I always knew that we were getting close, when I caught my first scent of the ocean. That usually happened just as we drove onto the Great Egg Harbor Bridge, and it was my yearly invitation to the Jersey Shore. That bridge was just the beginning of a drive that ended at a place I’ve always considered my second home: Stone Harbor, N.J. Two large promenades start from the back of the beach in Stone Harbor, and continue to the ocean. One is a brightly lit extension of 96th Street, well known as the main street for shopping and dining in the little shore town. The other is a darker but more interesting version, extending from 104th Street. The beach that lay between those two bookends, and the town that went beyond the sand, occupied either my time or my mind for more than a decade of my life. When I wasn’t there, I saved my money to be spent there. During the winter, my thoughts always came back to my summer life. Stone Harbor was more than just my shore town – it was my extended neighborhood. I was a lucky kid. After months of schooling and testing and working, one month was always reserved for us, down the shore. While I now find myself using my tax refund for mundane tasks like home remodeling or summer camp fees, my parents took that check and put it down on a pretty home in Stone Harbor. There wasn’t much that I had or did in those days that made people envious, but that time down the shore always made the top of the list. We’d pack the Oldsmobile as tightly as possible, and set off. As you crossed the bridge at the Great Egg Harbor toll plaza, you caught a hint of ocean breeze. The anticipation built as each exit passed, until we saw the old wooden sign that welcomed us to “The Seashore at Its Best.” And it really was the best, at least for me. After unpacking and buying our beach tags, I proceeded to once again make the town my own. The sand and surf at 99th Street was my daily spot each morning. And there was always something for a teenager or young adult to do. Dances were held once a week. Kids hung out by the promenades or on the beach. For a couple of years, I befriended a group of fellow teens from Reading, who sat on the beach at night and played music. We would instantly draw a crowd. Once, when walking home on the beach, I happened by a group of guys who were burying a lifeguard stand. Not wanting to be left out of the fun, I grabbed a shovel. It took the better part of the night, but watching a group of lifeguards looking at the buried stand like it was a science experiment was worth the work and the risk. By the second week, I could walk across the hot blacktopped street without shoes. Since I knew the town so well from years past, I never really considered myself to be a tourist. I was a townie, a regular resident, at least for one-twelfth of the year. I was also pretty independent. The money saved from paper routes and my part-time job at the local movie theater was more than ample to finance any small town activities. Of course, it didn’t stop me from getting into my fair share of trouble. While hanging out with some friends one evening, I suddenly realized that it was well past 2 a.m. Walking home, I noticed some police cars slowing down as they passed, but didn’t think too much of it. That all changed when I arrived home. It seems my entire family was searching for me, fearing that I was lost or had drowned during one of my late-night beach sojourns. My father dragged me to the police station, and instructed me to apologize to the entire department for putting them through so much trouble. Despite that episode, family time made for some of the best times down the shore. We always visited our favorite restaurants, like Henny’s, or the Harbor Light. But nothing beat the fun of just playing pinochle on the porch of that house on 99th Street with my parents and siblings, or going crabbing with my father and brother on the 96th Street Bridge. And you never worried about cramming everything in, because, especially in the beginning, there was always time. Then, suddenly, there was no time. That last week was always the toughest, knowing that life – my real life – lay ahead. The day before we were scheduled to leave, I made it a practice to go to the beach before dawn, to watch the sun rise. Unimaginable colors streak across the watery landscape at 5 a.m. Reds and oranges blend with the movement of the ocean, changing as the surf pulls farther and farther from the shore. The saddest day of each year usually occurred for me when I was crossed the threshold of our home in Northeast Philadelphia, carrying suitcases. There was only one thing to do: save for next year. When the summer approaches each year, I become sad that I cannot give my children the sort of memories that stay with me, like those endless days in Stone Harbor. I sometimes feel like my alter ego is still living that life, his feet black from the macadam, walking toward the white sands.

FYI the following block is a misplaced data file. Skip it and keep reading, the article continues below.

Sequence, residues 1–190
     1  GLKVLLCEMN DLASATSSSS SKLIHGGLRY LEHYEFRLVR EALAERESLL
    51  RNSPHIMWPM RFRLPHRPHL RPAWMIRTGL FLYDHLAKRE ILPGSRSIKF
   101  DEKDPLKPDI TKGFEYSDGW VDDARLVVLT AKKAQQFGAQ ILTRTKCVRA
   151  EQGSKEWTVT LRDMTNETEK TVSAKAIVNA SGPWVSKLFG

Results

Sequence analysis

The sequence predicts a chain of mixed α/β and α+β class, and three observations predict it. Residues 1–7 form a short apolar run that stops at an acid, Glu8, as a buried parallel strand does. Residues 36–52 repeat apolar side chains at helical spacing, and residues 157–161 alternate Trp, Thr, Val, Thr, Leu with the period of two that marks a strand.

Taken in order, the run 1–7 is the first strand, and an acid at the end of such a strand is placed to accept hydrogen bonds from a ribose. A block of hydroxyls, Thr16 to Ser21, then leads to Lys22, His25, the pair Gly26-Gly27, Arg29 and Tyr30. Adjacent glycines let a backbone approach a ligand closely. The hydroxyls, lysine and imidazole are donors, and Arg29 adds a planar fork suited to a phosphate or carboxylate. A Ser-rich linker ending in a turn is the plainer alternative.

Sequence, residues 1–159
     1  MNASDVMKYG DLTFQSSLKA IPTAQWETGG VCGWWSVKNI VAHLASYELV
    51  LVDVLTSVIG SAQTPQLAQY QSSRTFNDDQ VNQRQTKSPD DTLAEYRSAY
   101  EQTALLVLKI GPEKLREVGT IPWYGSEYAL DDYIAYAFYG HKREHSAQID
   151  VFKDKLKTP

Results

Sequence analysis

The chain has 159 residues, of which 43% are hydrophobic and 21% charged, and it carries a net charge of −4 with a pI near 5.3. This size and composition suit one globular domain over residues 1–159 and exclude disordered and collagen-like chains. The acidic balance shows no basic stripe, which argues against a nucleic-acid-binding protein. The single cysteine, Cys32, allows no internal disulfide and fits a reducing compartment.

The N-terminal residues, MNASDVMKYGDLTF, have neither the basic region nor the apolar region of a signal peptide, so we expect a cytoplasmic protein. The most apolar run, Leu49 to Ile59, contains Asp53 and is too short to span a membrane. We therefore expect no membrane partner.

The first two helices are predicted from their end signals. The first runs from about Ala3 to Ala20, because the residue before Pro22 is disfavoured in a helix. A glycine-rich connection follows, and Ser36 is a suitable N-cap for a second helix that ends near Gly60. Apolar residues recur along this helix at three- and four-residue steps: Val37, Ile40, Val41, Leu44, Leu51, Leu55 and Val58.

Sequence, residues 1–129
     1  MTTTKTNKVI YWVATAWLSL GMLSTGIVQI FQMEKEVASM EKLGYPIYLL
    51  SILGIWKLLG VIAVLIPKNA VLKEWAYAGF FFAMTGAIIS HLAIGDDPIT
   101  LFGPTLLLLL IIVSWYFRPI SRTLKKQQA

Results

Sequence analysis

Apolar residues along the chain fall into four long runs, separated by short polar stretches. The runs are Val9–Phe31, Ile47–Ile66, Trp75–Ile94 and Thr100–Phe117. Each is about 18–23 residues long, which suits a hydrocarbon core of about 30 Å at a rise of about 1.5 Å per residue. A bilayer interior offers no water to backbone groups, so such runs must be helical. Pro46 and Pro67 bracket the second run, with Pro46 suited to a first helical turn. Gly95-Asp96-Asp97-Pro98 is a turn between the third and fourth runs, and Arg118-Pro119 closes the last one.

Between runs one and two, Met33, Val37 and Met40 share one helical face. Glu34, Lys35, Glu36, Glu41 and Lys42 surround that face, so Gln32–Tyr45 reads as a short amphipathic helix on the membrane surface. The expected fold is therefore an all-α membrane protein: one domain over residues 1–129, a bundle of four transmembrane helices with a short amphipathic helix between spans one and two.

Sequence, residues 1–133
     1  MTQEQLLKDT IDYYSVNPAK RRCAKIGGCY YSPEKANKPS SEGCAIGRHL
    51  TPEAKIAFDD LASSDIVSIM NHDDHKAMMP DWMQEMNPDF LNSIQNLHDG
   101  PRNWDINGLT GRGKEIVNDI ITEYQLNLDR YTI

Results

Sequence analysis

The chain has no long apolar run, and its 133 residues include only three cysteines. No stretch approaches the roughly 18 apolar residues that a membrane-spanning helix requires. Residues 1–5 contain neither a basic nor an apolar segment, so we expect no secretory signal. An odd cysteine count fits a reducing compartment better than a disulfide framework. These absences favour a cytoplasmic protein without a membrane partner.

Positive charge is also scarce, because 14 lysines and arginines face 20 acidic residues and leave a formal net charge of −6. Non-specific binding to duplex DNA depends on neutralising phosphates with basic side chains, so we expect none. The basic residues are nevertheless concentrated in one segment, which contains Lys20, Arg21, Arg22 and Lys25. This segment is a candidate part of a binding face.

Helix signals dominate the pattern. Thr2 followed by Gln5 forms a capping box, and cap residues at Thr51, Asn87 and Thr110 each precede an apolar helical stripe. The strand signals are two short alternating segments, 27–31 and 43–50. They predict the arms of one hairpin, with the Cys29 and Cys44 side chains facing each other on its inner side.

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Note: This article first appeared in the News Gleaner last summer.